Nissan Has Released a Video with the Two-Engine AWD Leaf Being Tested

Nissan wants to strengthen its position in the electric car market with its first e-AWD system called the e-4ORCE. The automaker says it is a revolutionary control technology that evenly distributes torque to all four wheels and provides controlled power in absolutely any situation.

The «E» in the e-4ORCE indicates that this technology is intended exclusively for electric cars. It will be implemented by installing another engine on the rear axle. The system is based on Nissan’s technologies taken from both the AT-TESA E-TS GT-R system and the Patrol 4×4 smart system.

Nissan Has Released a Video with the Two-Engine AWD Leaf Being Tested photo 2

This system is being tested now on the modified Nissan LEAF e +, which was first shown at the 2019 Tokyo Motor Show. After that, Nissan demonstrated it at the CES in Las Vegas earlier this year. According to the Japanese company, the test results of this system exceeded all expectations. It is expected that the e-4ORCE will be installed for the first time on the production Ariya SUV.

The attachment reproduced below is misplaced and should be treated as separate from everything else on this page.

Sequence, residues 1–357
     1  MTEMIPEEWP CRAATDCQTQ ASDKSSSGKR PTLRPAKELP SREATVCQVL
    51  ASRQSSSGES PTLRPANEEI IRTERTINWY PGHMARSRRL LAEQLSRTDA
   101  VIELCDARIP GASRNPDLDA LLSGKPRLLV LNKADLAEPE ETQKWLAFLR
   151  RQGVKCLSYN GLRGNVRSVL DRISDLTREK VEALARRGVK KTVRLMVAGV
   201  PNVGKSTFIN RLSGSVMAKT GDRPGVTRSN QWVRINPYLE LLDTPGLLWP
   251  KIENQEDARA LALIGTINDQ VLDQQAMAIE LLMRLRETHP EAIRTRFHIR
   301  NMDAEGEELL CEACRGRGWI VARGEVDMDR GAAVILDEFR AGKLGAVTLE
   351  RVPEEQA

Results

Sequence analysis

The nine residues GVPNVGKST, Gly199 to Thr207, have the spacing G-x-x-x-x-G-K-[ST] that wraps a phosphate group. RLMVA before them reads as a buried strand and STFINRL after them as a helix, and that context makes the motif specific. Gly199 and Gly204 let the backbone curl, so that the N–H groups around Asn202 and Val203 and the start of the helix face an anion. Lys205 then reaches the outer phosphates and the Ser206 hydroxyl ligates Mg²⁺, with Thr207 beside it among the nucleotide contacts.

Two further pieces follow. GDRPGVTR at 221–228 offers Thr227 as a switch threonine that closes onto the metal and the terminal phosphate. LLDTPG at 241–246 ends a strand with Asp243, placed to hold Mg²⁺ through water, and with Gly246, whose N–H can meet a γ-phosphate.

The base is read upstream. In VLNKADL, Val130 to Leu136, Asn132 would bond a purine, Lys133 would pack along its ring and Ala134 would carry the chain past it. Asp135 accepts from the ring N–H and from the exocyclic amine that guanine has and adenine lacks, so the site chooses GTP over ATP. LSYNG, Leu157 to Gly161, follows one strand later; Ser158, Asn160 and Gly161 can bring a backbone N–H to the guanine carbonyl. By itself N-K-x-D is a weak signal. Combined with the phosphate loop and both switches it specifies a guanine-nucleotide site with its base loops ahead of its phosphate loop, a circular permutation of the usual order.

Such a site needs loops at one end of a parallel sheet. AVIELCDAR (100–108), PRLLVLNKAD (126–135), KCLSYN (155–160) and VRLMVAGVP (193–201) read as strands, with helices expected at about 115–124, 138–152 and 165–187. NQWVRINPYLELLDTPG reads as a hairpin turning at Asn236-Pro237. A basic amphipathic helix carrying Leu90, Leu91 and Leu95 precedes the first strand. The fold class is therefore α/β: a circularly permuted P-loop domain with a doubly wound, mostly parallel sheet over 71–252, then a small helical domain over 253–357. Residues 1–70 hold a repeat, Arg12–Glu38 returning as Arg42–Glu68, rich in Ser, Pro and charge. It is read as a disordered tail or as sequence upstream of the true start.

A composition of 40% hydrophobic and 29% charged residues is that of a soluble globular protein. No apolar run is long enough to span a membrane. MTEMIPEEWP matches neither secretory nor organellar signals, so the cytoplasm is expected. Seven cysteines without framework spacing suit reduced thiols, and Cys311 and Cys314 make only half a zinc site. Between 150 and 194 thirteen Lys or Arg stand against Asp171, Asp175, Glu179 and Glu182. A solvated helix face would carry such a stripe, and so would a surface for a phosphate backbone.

Nissan notes that the use of two electric motors at once is implemented here for the first time. They provide the car with instant smooth acceleration, as well as better control and handling at all speeds. In general, according to the company's engineers, the main task of the e-4ORCE is car handling. The constant power control allows distributing torque in a 50/50 ratio between the axles, and in case of urgent need, the system can abruptly transfer up to 100% of power to one axle.

Handling is the second big advantage of the e-4ORCE, as Nissan promises «balanced chassis control, line tracking, and steering accuracy at all times.» This ensures that the vehicle's behavior remains predictable even during sudden maneuvers. To do this, the system constantly modulates the power output of each built-in dual electric motor, as well as the control of each wheel brake. By default, the torque distribution is 50/50, but the e-4ORCE can also transfer up to 100 percent of power to either the front or rear axle, as well as mix them together.

Whether this system will be used in the production Nissan Leaf or in another model — is not yet known.

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